Eczema bill of rights

Author: talkhealth

Date: Mar 2020

We all have rights as people living in England. In order to ensure that you’re having your rights respected, however, it’s important that you know what they are in the first place.

The NHS has set out a specific bill of rights for people living with atopic eczema in order to give them a voice in decisions about their care - outlining what they can expect from the health service.

On the whole, the rights you have as an eczema patient aren’t that different to the ones other patients have. Fundamentally, the NHS wants all patients to be as informed as possible and feel like their voices matter in the care and treatment that they receive. With eczema, however, there are a few unique points specific to the kinds of drugs and referrals that you're entitled to.

The point of these written rights is to make sure that you are receiving the highest quality of care possible and that you’re informed about what’s available to you. Unhappy with the treatments you’re receiving? You can feed that back to your HCP. Want to try a different drug that’s been recommended by NICE for the treatment of eczema? That’s your right - and your GP shouldn’t refuse you.

Once you know what’s there for the taking, you’ll not only feel more in control about your condition but you’ll also be able to more an active role in your treatment plan.

Every eczema patient has the right to:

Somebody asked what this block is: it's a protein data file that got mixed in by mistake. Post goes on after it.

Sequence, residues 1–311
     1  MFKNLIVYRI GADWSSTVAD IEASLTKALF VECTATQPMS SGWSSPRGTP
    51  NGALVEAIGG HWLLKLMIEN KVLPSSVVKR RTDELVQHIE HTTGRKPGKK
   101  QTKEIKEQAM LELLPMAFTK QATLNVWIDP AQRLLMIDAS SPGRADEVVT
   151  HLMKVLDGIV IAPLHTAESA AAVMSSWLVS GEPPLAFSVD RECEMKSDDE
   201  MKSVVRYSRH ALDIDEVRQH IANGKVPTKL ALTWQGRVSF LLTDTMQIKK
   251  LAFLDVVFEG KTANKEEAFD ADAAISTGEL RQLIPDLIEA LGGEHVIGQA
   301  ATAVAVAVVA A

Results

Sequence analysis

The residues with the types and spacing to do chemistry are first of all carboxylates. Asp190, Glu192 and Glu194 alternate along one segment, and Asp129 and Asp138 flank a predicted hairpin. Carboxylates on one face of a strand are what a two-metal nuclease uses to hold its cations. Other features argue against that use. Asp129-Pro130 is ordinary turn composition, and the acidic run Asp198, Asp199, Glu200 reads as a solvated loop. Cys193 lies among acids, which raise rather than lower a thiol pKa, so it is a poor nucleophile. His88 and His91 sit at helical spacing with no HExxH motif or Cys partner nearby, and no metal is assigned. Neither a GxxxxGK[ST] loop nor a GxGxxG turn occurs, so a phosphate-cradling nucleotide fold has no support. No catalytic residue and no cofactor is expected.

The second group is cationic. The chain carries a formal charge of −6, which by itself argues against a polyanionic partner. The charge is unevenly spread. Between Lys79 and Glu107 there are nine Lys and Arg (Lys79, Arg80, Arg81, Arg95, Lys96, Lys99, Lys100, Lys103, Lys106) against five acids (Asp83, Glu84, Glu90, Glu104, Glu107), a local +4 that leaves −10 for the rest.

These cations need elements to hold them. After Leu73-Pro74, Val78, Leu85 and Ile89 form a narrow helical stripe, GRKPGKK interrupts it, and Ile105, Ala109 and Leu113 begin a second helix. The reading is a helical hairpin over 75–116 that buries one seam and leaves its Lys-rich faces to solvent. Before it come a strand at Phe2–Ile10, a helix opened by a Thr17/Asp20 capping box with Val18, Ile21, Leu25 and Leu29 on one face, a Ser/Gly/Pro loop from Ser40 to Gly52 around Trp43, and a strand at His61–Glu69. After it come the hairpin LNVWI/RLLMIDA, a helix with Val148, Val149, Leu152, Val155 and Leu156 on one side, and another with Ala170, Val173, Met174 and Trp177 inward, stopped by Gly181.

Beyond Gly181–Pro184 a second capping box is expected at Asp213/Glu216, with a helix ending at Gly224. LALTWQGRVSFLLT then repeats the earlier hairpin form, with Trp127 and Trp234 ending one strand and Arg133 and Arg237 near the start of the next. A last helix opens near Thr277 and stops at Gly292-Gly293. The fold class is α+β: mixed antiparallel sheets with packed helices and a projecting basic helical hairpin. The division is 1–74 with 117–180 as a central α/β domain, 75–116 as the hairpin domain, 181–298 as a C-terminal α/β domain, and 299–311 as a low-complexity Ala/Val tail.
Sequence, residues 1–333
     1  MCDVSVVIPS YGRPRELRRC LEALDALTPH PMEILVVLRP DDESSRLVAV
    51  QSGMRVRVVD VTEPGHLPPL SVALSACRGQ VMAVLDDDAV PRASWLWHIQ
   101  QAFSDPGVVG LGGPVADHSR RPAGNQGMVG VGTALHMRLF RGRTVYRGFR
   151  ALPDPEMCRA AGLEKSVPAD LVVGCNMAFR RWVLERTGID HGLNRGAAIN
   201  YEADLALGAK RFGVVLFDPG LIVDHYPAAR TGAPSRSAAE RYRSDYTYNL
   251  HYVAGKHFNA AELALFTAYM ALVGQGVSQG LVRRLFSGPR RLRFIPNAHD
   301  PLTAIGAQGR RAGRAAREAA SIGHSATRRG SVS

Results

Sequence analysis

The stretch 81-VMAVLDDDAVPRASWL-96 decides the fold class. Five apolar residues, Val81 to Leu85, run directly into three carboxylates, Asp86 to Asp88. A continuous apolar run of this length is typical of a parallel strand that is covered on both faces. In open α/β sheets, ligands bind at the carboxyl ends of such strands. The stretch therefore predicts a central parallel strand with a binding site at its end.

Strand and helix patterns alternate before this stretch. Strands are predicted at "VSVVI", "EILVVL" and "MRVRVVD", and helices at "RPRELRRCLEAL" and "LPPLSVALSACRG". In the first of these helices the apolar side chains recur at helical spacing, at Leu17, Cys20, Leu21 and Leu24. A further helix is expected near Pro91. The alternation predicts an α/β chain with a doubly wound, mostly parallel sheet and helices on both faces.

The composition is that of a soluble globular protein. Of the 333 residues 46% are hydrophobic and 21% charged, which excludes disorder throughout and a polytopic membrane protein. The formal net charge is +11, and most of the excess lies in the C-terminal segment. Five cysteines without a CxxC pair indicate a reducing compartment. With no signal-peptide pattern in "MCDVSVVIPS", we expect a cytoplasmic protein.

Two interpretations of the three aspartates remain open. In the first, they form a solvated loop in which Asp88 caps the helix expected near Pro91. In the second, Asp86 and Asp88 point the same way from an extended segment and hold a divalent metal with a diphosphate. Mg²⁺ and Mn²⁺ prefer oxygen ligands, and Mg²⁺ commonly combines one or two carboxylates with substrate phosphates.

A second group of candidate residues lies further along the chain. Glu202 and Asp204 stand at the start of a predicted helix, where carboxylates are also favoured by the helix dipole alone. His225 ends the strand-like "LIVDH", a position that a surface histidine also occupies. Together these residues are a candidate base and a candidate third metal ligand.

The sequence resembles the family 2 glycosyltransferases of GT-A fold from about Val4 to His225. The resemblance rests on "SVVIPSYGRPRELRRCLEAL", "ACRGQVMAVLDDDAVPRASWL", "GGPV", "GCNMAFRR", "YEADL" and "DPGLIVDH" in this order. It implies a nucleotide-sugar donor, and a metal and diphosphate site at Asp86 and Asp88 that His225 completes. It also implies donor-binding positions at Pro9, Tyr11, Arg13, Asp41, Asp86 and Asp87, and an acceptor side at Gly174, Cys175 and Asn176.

• Make informed choices about where you receive care: including the right to choose your GP and be accepted unless there are reasonable grounds for refusal
  • Choose to attend any NHS hospital that offers dermatology services or a private hospital if you’re referred
  • Be given information about available treatments and tests for eczema
  • Request a second opinion from another specialist or GP: if you don’t think your condition is being managed appropriately or you disagree with your diagnosis, you can ask to see someone else (although you can’t choose who exactly that is)
  • Start your consultant-led treatment within a maximum of 18 weeks after being referred by your GP: if you need to be referred to a specialist dermatologist, you should be seen by them within that timeframe
  • Receive appropriate treatment and care for your eczema: this means that your views should be taken into account by your HCP, and what you need from treatment (whether that’s help with the mental health ramifications, help to return to work etc)
  • Be involved in the planning and making decisions about your eczema care and treatment: that includes the chance to self-manage and making sure you have all the information to make the informed choice about your health
  • Have drugs and treatment recommended by NICE for adults with eczema: you shouldn’t be refused any treatment that the National Institute for Health and Care Excellence (NICE) has recommended for treating eczema.
  • Accept or refuse treatment and not be subjected to any physical examinations or treatment without your consent
  • Provide feedback on your care: if you’re unhappy with the care you received, you have a right to say so!
  • Have transparent and accessible data on the quality of your local healthcare providers

You can find the full bill of rights here.

Information contained in this Articles page which doesn’t state it has been written by talkhealth, has been written by a third party, who has not paid to be on the talkhealth platform, and has been republished with their permission. talkhealth cannot vouch for or verify any claims made by the author, and we do not endorse any specific products, brands, or treatments mentioned. The content in our Articles pages should not be considered a substitute for medical advice. You should always seek medical advice before changing your treatment routine.

Information written by the talkhealth team

Last revised: 18 March 2020

Next review: 18 March 2023